GPI-CIS Spring Research & Mentorship Showcase

ByCenter for International Studies & Global Policy Institute

The Global Policy Institute (GPI) and Center for International Studies (CIS) are pleased to present a Spring Research and Mentorship Showcase featuring original research from PhD students and undergraduates. Presentations and discussion will highlight both research and the mentorship and support that helped to facilitate the progress of the students’ projects.

Join us in celebrating research and mentorship!

Friday, April 12, 2024 | 10 am-1:30 pm
Social Sciences Building (SOS) B40


Event Program

10:00 am–11:30 am | Undergraduate Panel

  • Thomas Martynowicz: “Indigenous Language Management: An Analysis of the New Era of Language Rights in Latin America”
  • Layla MoheyEldin: “From Oil Fields to Skyscrapers: Saudi Arabia’s Ambitions for Regional Hegemony Through Financial Statecraft”
  • Aya Obeid: “Improving Indigenous Wellbeing in Settler Colonial States: A Quantitative Study of Four National Policies’ Effects on Indigenous Outcomes”
  • Mia Prange: “Nayib Bukele & The Rise of Populism in El Salvador: Inevitable or Avoidable?”

11:30 am–12:00 pm | Lunch Served

12:00 pm–1:30 pm | Graduate Student Panel

  • Sinan Kircova: “Variations in Online Self-Censorhip: The Analysis of the Turkish Case”
  • Saran Uthayakumar: “How Does the Diaspora Dream? Interrelating Cambodian American and Eelam Tamil Diasporas’ Healing”

Meet the panelists!

  • Thomas Martynowicz (he/him)

    Thomas (TJ) Martynowicz is a fourth-year student concurrently pursuing a Bachelor of Arts in International Relations and Master of Studies in Law. His research interests lie at the intersection of global affairs, language rights, and environmental justice, with his findings having been presented at academic conferences around the globe, including in Rome, California, and Hong Kong.

  • Layla MoheyEldin (she/her)

    Layla MoheyEldin is a senior double majoring in International Relations and Middle East Studies. Having grown up in Saudi Arabia, her areas of interest include neocolonialism and security studies as they relate to the Middle East, specifically the Gulf region. In addition, she is particularly interested in the way Western intervention has shaped the domestic politics and international interactions of various nations in the region, and how this dynamic has contributed to conflicts and power struggles—largely economic and financial—between competing rising powers in the Gulf. Layla is an associate editor and senior correspondent with USC Glimpse from the Globe, was a research assistant with USC Near Crisis Project Africa, and has also interned for WeVote, Humanitarian Aid International, and California State Assemblyman Josh Hoover.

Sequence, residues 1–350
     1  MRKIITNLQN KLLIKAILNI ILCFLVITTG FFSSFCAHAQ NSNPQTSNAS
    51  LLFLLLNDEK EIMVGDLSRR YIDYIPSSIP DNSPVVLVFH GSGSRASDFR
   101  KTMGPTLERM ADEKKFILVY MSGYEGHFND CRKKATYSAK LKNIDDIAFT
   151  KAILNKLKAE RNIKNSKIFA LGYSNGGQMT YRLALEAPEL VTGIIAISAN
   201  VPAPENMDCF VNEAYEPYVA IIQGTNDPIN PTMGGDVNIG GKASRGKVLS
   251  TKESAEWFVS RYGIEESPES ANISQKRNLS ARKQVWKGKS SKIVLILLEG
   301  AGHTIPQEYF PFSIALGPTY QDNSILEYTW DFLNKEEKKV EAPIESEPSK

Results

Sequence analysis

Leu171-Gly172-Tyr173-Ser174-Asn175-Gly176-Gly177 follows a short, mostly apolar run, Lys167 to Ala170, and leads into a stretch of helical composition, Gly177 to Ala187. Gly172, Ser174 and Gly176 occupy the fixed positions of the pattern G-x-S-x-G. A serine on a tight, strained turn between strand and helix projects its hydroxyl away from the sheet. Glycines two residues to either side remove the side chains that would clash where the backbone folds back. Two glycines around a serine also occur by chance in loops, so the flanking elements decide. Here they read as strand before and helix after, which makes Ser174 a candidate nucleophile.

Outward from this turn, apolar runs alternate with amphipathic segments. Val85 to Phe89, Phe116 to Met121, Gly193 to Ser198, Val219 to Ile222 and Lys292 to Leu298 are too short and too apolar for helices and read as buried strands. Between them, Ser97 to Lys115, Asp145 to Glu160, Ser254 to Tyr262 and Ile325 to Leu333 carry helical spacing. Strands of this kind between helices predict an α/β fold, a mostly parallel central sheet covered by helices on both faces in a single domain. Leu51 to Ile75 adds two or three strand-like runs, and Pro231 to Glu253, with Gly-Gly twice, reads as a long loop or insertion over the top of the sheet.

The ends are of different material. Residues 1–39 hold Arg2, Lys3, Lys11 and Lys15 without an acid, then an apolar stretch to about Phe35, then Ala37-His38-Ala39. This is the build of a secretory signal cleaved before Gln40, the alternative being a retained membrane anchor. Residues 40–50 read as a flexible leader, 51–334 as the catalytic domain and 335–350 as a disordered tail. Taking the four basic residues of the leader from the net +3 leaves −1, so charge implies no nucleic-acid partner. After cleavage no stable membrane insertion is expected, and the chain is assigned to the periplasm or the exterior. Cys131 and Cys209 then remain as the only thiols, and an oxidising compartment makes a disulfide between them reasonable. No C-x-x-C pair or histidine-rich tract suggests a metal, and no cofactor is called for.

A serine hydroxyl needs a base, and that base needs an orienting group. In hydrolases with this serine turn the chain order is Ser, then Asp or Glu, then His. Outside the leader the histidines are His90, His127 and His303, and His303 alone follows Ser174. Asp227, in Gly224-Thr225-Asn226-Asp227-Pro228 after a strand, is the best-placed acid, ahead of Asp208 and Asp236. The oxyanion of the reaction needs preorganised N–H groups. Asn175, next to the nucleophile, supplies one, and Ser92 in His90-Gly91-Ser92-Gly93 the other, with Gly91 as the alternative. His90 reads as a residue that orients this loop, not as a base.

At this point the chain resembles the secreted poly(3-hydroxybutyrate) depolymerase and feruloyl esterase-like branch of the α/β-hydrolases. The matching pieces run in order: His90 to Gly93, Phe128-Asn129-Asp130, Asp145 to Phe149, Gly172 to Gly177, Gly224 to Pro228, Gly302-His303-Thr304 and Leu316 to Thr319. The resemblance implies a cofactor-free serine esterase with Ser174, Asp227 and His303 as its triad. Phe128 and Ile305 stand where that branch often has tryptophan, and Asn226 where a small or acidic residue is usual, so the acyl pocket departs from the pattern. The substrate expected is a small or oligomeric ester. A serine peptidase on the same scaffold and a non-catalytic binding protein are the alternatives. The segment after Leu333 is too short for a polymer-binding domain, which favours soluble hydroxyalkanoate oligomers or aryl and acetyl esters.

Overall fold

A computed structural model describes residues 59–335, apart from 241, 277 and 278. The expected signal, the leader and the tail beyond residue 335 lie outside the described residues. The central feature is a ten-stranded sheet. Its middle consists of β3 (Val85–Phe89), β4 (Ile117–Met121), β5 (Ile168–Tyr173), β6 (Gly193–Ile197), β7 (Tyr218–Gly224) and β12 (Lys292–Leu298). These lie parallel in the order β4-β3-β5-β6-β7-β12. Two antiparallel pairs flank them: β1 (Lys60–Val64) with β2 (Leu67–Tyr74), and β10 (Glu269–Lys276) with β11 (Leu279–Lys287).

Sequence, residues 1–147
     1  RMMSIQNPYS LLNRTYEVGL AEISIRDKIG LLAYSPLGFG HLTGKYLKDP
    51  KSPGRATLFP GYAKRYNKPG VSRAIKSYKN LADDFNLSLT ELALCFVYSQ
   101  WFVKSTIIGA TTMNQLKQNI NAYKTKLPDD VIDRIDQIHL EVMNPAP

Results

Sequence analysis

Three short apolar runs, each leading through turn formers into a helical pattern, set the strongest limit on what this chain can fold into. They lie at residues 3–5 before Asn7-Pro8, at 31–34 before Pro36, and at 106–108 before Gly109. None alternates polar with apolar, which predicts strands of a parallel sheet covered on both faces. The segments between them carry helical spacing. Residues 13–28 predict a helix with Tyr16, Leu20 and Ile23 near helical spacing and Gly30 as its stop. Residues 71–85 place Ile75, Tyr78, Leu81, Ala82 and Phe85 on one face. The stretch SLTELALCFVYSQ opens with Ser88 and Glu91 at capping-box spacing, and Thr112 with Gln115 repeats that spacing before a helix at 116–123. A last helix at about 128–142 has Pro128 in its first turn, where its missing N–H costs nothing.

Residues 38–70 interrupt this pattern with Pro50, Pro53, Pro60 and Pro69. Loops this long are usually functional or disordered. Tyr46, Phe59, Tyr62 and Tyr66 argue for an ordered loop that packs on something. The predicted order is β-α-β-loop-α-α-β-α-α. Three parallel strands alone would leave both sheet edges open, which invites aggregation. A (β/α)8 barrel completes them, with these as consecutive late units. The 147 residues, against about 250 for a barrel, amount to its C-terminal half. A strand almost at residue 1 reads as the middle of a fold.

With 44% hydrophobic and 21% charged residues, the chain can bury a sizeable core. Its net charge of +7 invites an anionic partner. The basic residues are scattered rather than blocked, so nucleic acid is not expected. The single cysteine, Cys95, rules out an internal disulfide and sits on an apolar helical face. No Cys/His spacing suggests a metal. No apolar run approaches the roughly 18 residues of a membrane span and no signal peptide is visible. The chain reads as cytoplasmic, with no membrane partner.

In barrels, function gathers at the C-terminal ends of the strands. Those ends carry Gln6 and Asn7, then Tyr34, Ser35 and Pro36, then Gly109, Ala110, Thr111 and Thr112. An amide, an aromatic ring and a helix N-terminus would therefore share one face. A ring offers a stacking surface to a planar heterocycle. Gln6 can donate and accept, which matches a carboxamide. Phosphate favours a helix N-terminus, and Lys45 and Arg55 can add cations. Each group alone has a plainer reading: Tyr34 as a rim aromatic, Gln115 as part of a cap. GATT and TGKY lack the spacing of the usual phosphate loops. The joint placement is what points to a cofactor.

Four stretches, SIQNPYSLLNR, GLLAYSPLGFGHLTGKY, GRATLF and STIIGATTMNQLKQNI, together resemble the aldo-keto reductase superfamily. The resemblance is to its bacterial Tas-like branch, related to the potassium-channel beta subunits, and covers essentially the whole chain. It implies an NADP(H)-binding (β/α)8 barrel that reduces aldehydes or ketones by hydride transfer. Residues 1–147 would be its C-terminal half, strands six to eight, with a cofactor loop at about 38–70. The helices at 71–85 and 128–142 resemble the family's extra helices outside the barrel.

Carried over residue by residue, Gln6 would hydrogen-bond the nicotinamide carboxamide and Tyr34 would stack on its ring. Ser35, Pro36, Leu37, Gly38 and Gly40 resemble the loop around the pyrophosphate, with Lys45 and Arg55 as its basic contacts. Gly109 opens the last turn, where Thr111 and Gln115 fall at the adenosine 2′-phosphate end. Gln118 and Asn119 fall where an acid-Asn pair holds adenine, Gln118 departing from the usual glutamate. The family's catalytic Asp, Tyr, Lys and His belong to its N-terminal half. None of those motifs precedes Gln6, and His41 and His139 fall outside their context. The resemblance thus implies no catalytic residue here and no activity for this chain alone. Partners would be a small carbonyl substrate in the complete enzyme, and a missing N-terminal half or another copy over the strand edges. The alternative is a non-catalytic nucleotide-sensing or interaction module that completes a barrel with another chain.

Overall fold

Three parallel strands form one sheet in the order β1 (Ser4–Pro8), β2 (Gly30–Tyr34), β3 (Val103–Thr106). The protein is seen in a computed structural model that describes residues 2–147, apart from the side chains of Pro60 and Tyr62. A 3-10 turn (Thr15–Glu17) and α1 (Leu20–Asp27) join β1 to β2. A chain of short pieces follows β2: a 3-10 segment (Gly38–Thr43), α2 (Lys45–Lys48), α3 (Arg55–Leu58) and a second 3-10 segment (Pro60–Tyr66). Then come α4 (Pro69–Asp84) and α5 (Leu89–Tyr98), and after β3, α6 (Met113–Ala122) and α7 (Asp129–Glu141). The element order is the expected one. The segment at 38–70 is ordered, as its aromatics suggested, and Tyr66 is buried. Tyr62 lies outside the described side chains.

• Aya Obeid (she/her)

    Aya Obeid is a senior majoring in International Relations. She is passionate about migration and indigenous peoples rights and its intersections with climate protection and decolonization. She has previously worked as a translator and case manager at a refugee center in Vilnius, Lithuania, as well as in outdoor accessibility, education, and leadership.

  • Mia Prange (she/her)

    Mia Prange is a senior from Orange County, California, double-majoring in International Relations and Art History. Her studies are focused on Latin America, specifically regarding human rights and democratic development & backsliding. She currently works as a Research Assistant for Dr. Pamela Starr and has previously interned at the U.S. Department of State and the Council on Foreign Relations.

  • Sinan Kircova (he/him)

    Sinan Kircova is a fourth-year PhD candidate in Political Science and International Relations specializing in comparative politics and methodology. His ongoing projects center around authoritarian regimes and the confluence of religion and politics. His regional focus is the Middle East, with special emphasis on the politics of Turkey and Israel. Before starting his PhD, he earned his bachelor’s degree in Sociology from Bogazici University and his master’s degree in International Relations from the University of Glasgow in Scotland.

  • Saran Uthayakumar (they/them)

    Saran Uthayakumar is a second-year PhD student in the Political Science and International Relations department. Their main area of interest in political science is post-conflict reconciliation among diasporas, and they study the Cambodian and Sri Lankan Tamil (Eelam) diasporas specifically. In the future, they hope to develop this showcase paper as a part of their comparative politics dissertation, and they will be presenting this research at the upcoming conference of the Association for Asian American Studies.